About three months later, my manager asked me into his office and presented me with another challenge.  Our organization was about to start a major transition and he wanted to know if I was interested in leading it.  The new organization would definitely force me to stretch my abilities and learn new things, so I was absolutely interested, but I needed to meet the man that I’d be working for to know if it would hit on all of my five things.

Within a few minutes of meeting him, I knew.  This was my dream job.  My new manager wanted to build a culture aligned to the traits and characteristics I believe in and try to model for my team.  He has a family he adores, believes in working hard and playing hard, with flexibility for all.  And, well, it’s all new things we’re doing, so it will be challenging with a lot of learning along the way.  All five things, right there for the taking.  I’ve been in the new role for a few months now and it continues to put a smile on my face every day.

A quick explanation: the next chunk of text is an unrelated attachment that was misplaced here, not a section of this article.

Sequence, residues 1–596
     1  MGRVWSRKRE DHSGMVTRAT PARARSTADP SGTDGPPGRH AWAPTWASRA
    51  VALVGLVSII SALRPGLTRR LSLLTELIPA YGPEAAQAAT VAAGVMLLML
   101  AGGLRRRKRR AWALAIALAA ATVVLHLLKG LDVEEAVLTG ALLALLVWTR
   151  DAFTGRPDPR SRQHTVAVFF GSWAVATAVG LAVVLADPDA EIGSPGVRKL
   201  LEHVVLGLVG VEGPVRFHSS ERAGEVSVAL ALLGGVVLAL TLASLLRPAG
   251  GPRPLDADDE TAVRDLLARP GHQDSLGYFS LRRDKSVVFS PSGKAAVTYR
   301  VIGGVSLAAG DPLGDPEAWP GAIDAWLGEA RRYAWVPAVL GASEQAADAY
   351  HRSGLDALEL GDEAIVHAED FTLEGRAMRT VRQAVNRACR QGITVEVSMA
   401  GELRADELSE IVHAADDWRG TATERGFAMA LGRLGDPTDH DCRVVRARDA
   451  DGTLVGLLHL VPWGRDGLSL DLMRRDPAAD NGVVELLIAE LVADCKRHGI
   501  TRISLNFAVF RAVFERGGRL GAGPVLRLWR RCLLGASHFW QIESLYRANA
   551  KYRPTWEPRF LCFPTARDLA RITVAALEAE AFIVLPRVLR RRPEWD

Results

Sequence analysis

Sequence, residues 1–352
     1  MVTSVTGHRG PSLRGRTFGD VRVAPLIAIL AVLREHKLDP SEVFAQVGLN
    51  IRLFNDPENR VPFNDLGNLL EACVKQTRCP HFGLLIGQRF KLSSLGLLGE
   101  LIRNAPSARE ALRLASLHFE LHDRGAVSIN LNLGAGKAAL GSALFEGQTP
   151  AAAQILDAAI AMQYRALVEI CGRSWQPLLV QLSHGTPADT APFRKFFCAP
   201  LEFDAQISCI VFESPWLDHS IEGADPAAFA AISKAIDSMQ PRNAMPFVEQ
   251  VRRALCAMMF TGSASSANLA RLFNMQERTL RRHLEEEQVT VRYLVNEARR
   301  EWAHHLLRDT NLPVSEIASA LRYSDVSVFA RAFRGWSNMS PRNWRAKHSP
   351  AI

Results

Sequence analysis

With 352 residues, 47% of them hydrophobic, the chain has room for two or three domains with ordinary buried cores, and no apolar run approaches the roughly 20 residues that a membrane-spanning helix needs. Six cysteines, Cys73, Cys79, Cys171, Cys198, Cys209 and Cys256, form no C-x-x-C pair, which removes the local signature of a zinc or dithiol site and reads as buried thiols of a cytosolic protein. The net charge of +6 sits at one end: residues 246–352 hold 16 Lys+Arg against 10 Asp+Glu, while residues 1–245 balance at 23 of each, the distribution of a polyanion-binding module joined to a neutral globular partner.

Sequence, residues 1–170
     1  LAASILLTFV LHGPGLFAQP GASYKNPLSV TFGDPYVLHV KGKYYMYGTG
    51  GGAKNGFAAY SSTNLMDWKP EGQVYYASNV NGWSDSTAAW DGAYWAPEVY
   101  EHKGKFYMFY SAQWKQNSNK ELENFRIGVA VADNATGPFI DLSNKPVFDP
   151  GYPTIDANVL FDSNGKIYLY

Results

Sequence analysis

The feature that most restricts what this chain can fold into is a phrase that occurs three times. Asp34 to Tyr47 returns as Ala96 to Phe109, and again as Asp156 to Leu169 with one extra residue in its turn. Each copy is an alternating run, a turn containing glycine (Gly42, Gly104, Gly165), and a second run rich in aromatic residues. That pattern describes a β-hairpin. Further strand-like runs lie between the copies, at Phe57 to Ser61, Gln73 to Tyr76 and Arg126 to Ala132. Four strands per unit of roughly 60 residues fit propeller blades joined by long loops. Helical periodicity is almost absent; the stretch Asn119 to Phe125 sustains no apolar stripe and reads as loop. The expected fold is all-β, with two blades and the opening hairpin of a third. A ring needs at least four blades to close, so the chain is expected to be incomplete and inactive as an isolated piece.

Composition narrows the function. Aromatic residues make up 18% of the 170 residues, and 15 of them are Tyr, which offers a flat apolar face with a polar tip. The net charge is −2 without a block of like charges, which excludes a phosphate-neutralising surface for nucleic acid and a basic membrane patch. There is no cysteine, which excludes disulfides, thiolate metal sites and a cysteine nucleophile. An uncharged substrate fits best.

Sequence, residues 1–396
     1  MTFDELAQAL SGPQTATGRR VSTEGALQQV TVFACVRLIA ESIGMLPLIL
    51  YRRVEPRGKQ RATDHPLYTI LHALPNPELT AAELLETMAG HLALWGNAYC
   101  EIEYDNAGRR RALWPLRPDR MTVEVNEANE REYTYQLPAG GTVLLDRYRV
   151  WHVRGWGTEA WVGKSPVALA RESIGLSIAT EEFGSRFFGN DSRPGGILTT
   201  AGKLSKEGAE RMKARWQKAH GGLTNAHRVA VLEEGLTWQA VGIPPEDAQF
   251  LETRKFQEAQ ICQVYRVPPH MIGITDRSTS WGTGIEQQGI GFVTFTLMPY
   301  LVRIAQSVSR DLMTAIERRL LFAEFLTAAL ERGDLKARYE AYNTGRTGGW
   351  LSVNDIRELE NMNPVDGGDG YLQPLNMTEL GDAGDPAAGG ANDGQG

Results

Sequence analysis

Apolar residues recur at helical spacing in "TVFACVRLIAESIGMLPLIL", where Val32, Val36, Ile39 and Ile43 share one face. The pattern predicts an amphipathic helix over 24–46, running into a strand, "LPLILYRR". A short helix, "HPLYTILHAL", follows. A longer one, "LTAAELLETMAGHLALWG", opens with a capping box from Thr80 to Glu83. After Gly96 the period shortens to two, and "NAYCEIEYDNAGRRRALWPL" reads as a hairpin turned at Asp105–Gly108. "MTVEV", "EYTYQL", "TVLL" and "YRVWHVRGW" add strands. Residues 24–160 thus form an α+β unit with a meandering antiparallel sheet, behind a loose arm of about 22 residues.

Now that I’ve figured out the key to finding my dream job, I’ve been sharing it with others.  We have been hiring quite a bit over the last few months to build out our team, so I have the chance to talk to individual contributors and managers that are looking for their next role.

I’m finding that many of them are chasing the bright, shiny penny – so I ask them what they want.  “What are your five things you’re looking for?”  Most of them don’t know what I’m talking about, so I explain and send them off to think about what they really want for their life, not just their next job.

What do I want in a new person on my team?  Someone that wants to be there – wants to be part of what we’re trying to accomplish and the team we’re trying to build.  That is probably the #1 thing I want to know when I bring someone new into the organization.

How can someone know that they want to be on my team if they don’t know what they want in a job, in a work environment, and for their life?  A few people I’ve interacted with are still chasing that penny, but many of them have come back and – based on what they are looking for – it seems like the team would be a good fit for them and they’d be a good fit for the team.

The five things are not just a way to find your dream job, but as a hiring manager, knowing someone else’s five things might be a good way to find your dream employee.